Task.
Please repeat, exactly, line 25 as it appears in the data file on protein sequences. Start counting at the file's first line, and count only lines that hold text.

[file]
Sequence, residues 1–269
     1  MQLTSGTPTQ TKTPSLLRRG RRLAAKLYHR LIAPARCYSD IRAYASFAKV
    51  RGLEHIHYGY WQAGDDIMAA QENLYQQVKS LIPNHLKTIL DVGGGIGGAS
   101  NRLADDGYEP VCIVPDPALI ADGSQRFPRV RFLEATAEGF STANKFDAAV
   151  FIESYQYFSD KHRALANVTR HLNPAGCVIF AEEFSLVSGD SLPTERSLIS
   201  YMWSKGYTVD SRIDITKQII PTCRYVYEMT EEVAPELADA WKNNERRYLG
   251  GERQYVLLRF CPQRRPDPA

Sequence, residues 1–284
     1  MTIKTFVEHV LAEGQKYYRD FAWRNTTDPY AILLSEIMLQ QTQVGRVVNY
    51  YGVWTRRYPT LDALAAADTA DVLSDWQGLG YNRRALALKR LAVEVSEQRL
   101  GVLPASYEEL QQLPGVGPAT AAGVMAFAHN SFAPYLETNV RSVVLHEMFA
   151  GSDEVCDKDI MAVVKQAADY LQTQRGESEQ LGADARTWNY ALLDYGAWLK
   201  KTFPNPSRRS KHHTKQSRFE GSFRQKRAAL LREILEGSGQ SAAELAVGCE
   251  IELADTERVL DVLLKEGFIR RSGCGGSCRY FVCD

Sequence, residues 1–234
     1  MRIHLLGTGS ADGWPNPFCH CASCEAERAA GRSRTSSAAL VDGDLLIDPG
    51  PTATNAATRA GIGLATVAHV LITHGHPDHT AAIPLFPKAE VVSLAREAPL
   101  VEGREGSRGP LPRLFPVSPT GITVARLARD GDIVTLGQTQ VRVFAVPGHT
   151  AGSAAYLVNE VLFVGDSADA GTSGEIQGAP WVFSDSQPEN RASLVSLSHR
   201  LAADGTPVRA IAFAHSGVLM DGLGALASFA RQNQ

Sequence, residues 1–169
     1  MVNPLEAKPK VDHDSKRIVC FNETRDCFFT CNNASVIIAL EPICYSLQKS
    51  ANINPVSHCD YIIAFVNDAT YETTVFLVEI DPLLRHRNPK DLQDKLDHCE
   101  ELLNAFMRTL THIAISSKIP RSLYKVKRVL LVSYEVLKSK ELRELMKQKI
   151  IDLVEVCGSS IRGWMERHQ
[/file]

   151  IDLVEVCGSS IRGWMERHQ